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Students, faculty, administration clash over Spring 2021 academic calendar

November 14, 2020


Illustration by Deborah Han

After a fall semester devoid of breaks, students are turning their attention to the upcoming semester’s academic calendar, asking for days off to prevent burnout and Zoom fatigue. 

This comes as Georgetown’s administration weighs academic calendar options as part of the adapted Spring 2021 plan to be released on Nov. 16. Possible courses of action include delayed semester start dates, the combination of spring and Easter breaks, and removal or rescheduling of long-weekend holidays.

These potential changes follow those made in July to the Fall 2020 academic calendar, which removed mid-semester breaks in favor of a week-long break over Thanksgiving. These adaptations were made to discourage students from traveling during long weekends, according to the administration.

Faculty have weighed in heavily on potential changes to the spring academic calendar. During an Oct. 22 vote, faculty members voted in favor of extending winter break by seven days and combining Easter and spring breaks. However, university administration and Provost Bob Groves will ultimately determine the finalized academic calendar.

Among students, the decision to forego long weekends has proven unpopular, according to a GUSA COVID Committee survey. Many students have cited burnout and exhaustion as a result of the as-yet-breakless fall semester.

“Most people who have responded to the survey have talked about the toll on mental health that it’s taking, the draining environment that’s created by having no breaks,” Daniella Sanchez (COL ’22), who heads the COVID Committee, said. “It’s really affecting academic performance, emotional and physical wellbeing, [and] wellbeing on Zoom after not getting that break.”

The GUSA survey presented six options for respondents to rate. Of the 492 respondents, 53.9 percent preferred the schedule to remain as it is currently, with a Jan. 11 start date; long weekends for Presidents Day, Martin Luther King Day, and Easter break; and a weeklong spring break.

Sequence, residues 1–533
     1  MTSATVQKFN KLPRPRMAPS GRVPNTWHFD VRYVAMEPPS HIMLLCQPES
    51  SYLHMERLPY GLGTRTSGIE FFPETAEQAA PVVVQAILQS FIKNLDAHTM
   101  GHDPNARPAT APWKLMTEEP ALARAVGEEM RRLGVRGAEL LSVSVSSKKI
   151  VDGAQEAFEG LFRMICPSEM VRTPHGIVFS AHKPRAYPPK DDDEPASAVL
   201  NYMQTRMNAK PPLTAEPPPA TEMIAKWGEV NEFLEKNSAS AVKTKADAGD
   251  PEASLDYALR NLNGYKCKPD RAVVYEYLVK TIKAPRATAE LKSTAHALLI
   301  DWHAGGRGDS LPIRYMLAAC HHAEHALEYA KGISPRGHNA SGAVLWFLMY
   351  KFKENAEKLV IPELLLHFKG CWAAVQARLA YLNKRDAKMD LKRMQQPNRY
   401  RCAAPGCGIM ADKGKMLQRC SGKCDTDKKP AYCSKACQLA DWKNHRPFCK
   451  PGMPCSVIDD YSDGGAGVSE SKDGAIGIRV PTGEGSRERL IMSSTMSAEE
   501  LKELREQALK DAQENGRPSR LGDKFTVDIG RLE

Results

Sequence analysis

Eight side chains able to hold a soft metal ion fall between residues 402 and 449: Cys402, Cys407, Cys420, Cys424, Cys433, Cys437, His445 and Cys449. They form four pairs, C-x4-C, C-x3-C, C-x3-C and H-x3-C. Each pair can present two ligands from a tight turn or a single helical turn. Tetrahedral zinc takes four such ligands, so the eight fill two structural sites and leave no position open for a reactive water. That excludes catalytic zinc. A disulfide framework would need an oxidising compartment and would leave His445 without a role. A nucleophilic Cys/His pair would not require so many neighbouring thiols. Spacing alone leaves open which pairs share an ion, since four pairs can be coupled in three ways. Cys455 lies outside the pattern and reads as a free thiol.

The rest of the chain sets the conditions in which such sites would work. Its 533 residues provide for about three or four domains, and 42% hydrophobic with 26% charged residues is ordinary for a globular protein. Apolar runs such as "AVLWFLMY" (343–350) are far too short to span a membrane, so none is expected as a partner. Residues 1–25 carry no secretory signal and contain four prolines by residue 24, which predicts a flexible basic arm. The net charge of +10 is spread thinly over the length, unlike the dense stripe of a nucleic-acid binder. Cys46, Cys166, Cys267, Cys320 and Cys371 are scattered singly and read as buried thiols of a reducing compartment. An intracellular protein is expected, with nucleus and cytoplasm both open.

Least popular among students were the two proposals that involved a late start date on Jan. 21, removal of long weekends, and either consolidation of spring break with Easter break or elimination or spring break entirely.

“Just going straight through all the way from January to March 29 is something that people generally have just been not pushing for,” GUSA Vice President Bryce Badger (MSB ’21) said.

At a GUSA Senate meeting on Nov. 1, the Senate passed a resolution demanding mandatory breaks in the academic calendar, including two three-day weekends each semester. 

Conflicting perspectives among faculty and students have contributed to the controversy surrounding changes to the academic calendar. According to Sanchez, conversations with Groves have indicated that the university is weighing faculty responses heavily as they create the finalized academic calendar.

“It’s overwhelmingly clear that we need dispersed breaks and a spring break and not a combined Easter and spring break without having any others in between,” Sanchez said. “So to me, it feels like [the administration is] leaning more on faculty more than students.”

Additionally, the spring academic calendar will depend on whether any spring classes will be in-person, in which case the university will likely seek to limit the travel of students on-campus. One of the options presented in the GUSA survey proposes students move out of their university housing during a combined spring/Easter break and complete the final five weeks of the semester online; another moves one-day breaks from Fridays and Mondays to midweek to prevent students from traveling over long weekends.

According to the university, the final decision for the spring plan, including the spring calendar, will be announced on Nov. 16.



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